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I just signed up for Facebook and there are some threats to your privacy, but they aren't exactly what many privacy advocates are talking about.

Most of the fuss is over your personal information being exposed for the world to see, and that is definitely a problem.

Especially for those who seem to have no discretion over what they post on their site.Info that could prevent a younger person from getting a summer job, or even older individuals applying for a professional position.

Also, things that can be picked up by insurance companies to deny coverage or in cases of litigation like divorce.

They are all important, but at least they are dangers that are out in the open.In my case I used a fictitious birth date; the one item, when linked to your name, that can lead ID thieves to more private information and the ability to steal your identity.

This, plus the fact that my site lacks anything else of a sensitive nature, except my e-mail address, still doesn't make me feel safe.

You'll see later.

Of course, if you go on to add more data in the future without checking to see if it, along with what is already there, could potentially lead to the theft of your identity, then you're in trouble.What is most dangerous about Facebook is what you don't see or hear about.

You can be ambushed from the underground on two fronts.

First, there is online stalking by companies like Spokeo, Pipl and CVGadget.

As an example, Spokeo can take an e-mail address and locate people in social networks like Facebook and MySpace.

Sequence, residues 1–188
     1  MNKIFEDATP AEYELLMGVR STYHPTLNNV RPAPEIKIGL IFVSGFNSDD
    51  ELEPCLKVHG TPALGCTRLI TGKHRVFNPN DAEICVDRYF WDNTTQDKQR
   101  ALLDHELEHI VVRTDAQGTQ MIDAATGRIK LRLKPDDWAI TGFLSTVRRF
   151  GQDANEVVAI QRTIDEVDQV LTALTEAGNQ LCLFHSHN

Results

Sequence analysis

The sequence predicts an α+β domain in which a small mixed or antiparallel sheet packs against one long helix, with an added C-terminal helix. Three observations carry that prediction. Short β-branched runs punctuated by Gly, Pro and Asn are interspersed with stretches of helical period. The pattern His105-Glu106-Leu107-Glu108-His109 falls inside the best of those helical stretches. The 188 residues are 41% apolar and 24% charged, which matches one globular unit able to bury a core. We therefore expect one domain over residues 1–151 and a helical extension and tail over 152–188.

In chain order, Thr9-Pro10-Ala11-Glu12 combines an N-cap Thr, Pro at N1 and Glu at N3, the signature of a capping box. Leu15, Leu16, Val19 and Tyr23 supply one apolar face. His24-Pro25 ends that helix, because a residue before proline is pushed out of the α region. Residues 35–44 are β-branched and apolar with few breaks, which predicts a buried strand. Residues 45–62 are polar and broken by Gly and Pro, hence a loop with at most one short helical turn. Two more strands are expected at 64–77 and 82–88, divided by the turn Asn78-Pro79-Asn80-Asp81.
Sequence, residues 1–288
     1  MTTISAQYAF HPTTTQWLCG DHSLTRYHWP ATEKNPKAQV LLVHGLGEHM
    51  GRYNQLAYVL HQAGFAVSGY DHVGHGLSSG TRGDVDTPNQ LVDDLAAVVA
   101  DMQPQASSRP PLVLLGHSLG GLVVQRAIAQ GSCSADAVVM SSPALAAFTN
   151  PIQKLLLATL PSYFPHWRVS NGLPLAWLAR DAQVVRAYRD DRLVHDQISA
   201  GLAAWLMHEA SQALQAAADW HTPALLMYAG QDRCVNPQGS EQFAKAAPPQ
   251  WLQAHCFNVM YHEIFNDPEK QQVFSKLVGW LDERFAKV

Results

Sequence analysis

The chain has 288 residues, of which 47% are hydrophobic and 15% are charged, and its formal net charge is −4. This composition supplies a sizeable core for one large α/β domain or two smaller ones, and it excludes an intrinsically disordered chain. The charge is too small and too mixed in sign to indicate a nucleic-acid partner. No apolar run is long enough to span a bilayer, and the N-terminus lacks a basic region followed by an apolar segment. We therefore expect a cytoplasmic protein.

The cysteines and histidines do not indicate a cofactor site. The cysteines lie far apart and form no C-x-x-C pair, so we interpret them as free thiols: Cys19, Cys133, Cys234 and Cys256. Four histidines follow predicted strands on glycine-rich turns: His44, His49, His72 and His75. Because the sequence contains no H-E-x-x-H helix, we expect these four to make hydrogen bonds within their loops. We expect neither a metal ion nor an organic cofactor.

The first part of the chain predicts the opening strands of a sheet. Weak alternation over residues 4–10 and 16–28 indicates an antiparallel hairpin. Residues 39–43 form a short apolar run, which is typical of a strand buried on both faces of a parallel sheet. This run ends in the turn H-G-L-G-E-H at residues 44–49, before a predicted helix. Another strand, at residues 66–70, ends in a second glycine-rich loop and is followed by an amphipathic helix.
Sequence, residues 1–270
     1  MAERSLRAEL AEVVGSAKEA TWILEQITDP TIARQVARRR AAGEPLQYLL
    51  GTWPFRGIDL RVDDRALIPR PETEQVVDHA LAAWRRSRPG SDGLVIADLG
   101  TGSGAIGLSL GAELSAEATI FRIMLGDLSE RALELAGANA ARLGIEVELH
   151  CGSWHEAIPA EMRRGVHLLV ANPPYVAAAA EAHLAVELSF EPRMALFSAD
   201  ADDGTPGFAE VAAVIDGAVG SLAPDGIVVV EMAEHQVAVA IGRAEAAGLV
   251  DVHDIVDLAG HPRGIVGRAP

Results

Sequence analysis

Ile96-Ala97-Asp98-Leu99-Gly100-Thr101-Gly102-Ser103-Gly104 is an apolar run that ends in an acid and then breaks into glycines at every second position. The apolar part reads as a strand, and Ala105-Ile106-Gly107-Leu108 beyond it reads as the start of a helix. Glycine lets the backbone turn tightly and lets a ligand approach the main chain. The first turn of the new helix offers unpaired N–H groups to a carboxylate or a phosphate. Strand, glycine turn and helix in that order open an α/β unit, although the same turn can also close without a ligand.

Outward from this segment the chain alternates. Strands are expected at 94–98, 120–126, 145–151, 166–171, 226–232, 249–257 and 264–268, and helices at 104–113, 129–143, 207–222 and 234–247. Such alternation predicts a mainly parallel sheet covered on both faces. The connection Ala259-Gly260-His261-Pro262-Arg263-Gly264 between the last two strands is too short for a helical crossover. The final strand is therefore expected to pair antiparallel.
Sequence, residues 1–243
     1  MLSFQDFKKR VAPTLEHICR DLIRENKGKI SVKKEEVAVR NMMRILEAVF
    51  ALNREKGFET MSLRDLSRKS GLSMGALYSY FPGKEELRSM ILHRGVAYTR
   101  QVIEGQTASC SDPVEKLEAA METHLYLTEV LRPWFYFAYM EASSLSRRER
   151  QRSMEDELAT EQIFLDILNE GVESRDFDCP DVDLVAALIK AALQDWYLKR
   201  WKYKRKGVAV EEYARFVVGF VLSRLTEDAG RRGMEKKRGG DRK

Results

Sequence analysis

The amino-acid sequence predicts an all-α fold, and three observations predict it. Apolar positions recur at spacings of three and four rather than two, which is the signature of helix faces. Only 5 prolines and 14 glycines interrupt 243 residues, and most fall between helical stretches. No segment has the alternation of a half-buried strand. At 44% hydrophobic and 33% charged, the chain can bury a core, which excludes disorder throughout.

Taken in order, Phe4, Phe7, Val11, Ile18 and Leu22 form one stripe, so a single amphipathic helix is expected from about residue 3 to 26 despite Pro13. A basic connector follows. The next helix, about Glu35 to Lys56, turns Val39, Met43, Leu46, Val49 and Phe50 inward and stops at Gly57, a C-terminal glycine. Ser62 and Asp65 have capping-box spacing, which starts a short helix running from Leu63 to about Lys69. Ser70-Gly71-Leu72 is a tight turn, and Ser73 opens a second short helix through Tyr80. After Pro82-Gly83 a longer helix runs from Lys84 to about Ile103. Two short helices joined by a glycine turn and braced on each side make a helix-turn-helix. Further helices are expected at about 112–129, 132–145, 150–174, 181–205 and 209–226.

For a small fee you can download your e-mail address book to Spokeo, and learn the habits of friends, relatives and complete strangers.

That's the reason I left the "Personal Information" section completely blank.The second approach is even scarier, a feature of Facebook which allows outside developers to create small programs called "applications" for members to do things like playing poker, getting daily horoscopes, and sending each other virtual fantasies.

With the younger set, the latter must cause parents a lot of consternation over their kids.

Word is there are about 24,000 applications that have been built by 400,000 developers.And here's the kicker.

Once these developers have your personal data, there is nothing Facebook can do.

Adrienne Felt of the University of Virginia investigated the procedure in her thesis and found out that 90 out of 150 of Facebook's most popular applications (that's 60 percent) have unnecessary access to your private information.

Felt says in her research:"The application can request information about Jane, her friends, and her fellow network members.

The owner of the application is free to collect, look at, and potentially misuse this information.

The Facebook Terms of Use agreement tells application developers not to do this, but Facebook has no way of finding out or stopping them."So why did I sign on with Facebook, and will probably do the same with MySpace? To help promote my articles, letting friends, relatives and the world know just what I am doing, hopefully adding some readers along the way.

It is also an experiment on my part to see what could happen in the case of a privacy breach that I can report to the public.

So goes technology and progress.Please leave your comments or E-mail me: [email protected] more info: on Spokeo Adrienne Felt Facebook problem Adrienne Felt Facebook research
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